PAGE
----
Victor Landa, NewsTaco
Here’s a fact: In the 2010 Census many Latinos, given the option, chose to identify as “white,” as opposed to black or Asian. Other Latinos chose to identify as “other,” then wrote-in a more specific identity based on their (or their family’s) country of origin. The Pew Research Center took a deep-dive into these choices and earlier this month released a study that parsed the numbers and took a stab a some conclusions.
Since then, the idea of Latino “whiteness” has captivated demographers, social scientists, writers and pundits. Each has approached the Latino Census choice as if it were a phenomenon to be observed at arm’s-length, a snapshot to be critiqued. They all seem to be dazzled by the idea that 2.5 million Latinos changed their identity from “some other race” in the 2000 census to “white” in 2010. About half as many, 1.2 million, changed in the opposite direction.
The back and forth switch from white to other and back to white again has generated a stack of theories about why Latinos do what they do: assimilation, education, citizenship, generational differences – all delivered, more than likely, with the appropriate furrowed brow and authoritative air.
Has anyone bothered to ask Latinos?
For Latinos, though, there’s nothing dazzling about it, and if the writers and demographers were to ask Latinos why, they’d be much closer to the real story behind “Latino whiteness.”
Latinos have been thinking about this for decades, but not because we have identity issues. Latinos think and talk about identity because marketers and politicians have been hell-bent on stuffing us into a box for their purposes, and official Census forms keep asking the question. In this sense, Latino identity is not about how we see ourselves, but about how we think we fit into prefabricated boxes, because we’ve been asked to decide. These are not choices we’d make for ourselves.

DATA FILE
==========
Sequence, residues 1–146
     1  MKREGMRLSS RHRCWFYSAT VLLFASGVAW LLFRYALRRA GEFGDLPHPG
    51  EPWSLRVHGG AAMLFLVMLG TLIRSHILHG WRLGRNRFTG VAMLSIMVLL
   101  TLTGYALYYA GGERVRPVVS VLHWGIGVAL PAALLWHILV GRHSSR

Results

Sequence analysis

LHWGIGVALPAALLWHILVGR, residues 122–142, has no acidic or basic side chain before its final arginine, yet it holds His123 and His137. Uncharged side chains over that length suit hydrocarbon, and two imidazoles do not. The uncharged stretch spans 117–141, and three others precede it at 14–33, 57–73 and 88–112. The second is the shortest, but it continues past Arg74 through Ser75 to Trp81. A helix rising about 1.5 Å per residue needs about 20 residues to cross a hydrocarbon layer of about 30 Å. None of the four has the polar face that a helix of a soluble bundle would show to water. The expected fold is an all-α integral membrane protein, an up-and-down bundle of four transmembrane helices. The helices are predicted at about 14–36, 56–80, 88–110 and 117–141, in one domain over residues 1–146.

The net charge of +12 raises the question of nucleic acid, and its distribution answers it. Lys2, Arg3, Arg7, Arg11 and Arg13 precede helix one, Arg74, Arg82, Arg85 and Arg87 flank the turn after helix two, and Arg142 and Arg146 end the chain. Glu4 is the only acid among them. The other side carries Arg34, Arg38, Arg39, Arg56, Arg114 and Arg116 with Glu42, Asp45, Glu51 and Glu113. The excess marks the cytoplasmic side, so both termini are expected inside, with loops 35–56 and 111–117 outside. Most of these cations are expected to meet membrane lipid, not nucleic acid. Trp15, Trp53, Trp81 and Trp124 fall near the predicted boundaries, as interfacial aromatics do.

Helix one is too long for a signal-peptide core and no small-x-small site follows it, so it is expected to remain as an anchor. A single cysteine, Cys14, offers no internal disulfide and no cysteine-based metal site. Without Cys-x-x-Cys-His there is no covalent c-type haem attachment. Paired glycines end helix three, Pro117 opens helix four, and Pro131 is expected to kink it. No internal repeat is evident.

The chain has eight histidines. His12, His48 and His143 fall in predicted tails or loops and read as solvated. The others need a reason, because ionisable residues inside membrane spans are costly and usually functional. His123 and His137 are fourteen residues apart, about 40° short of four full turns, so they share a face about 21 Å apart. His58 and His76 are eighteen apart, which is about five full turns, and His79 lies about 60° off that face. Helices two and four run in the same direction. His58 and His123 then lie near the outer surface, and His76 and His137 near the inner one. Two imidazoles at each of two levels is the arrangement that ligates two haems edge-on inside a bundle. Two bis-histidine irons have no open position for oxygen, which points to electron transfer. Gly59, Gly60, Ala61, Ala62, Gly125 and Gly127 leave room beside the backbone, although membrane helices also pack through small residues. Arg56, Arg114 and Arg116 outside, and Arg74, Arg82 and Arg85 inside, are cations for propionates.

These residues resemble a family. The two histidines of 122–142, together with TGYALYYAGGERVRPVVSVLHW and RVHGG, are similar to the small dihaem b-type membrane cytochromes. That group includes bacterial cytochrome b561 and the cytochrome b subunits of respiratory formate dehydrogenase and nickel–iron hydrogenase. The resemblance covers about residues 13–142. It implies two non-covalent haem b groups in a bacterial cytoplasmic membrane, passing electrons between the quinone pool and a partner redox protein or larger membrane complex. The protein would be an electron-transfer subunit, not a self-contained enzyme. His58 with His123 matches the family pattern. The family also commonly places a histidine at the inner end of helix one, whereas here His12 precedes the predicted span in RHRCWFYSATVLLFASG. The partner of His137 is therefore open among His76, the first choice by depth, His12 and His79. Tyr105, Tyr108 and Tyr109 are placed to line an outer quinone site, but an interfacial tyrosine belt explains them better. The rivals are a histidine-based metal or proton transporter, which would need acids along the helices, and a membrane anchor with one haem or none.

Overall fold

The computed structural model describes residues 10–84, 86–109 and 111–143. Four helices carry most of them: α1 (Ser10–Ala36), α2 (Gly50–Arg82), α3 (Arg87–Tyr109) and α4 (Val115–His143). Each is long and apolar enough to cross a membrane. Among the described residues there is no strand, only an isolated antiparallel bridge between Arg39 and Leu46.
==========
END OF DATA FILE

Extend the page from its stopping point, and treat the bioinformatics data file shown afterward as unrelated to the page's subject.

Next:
The fact that 3.7 out of the 35 million Latinos in the U.S. (in 2000) changed their minds from one decade to another tells me more about the available official options than it does about Latino identity. There’s an intent in the Census race question to fit everyone living in the United States into a tired black-white paradigm, the tricky thing is that the intent is disguised in an attempt to define diversity.
The idea is “you can be Hispanic, but you must decide if you’re white Hispanic, black Hispanic or other Hispanic.”
Latino identity is a living thing.
It changes, if you ask, because it’s many things at the same time.
Maybe that’s the problem. Diversity, all men being equal and all that, by definition defies strict parsing. It makes little sense to those being parsed, but feels important to the furrowed brows doing the parsing. The findings are only good until 2020, when a new batch of choices will spark a new batch of dazzled writers and pundits and scientists.
The Future is Meztizo.
In 1984 Virgilio Elizondo wrote a prophetic book titled “The Future is Meztizo.” It was republished in 2000 with an introduction by David Carrasco. If you want a better idea as to why Latinos change their minds about identity, read how Carrasco began his introduction:
We are entering the Brown Millennium. By Brown millennium I mean the type of hopeful and complex change summoned by the poet Paul Celan when he wrote
But keep yes and no unsplit
And give your say this meaning
Give it the shade
No more the color line as the only defining symbol of race and culture in this country. No more the border line as the primary defining political scar between Latin America and the United States.
The problem isn’t that Latinos change their minds. The truth is that Latinos are opening a new way of thinking, and it doesn’t fit the official forms.
[Photo by supercalifunkysexy/Flickr]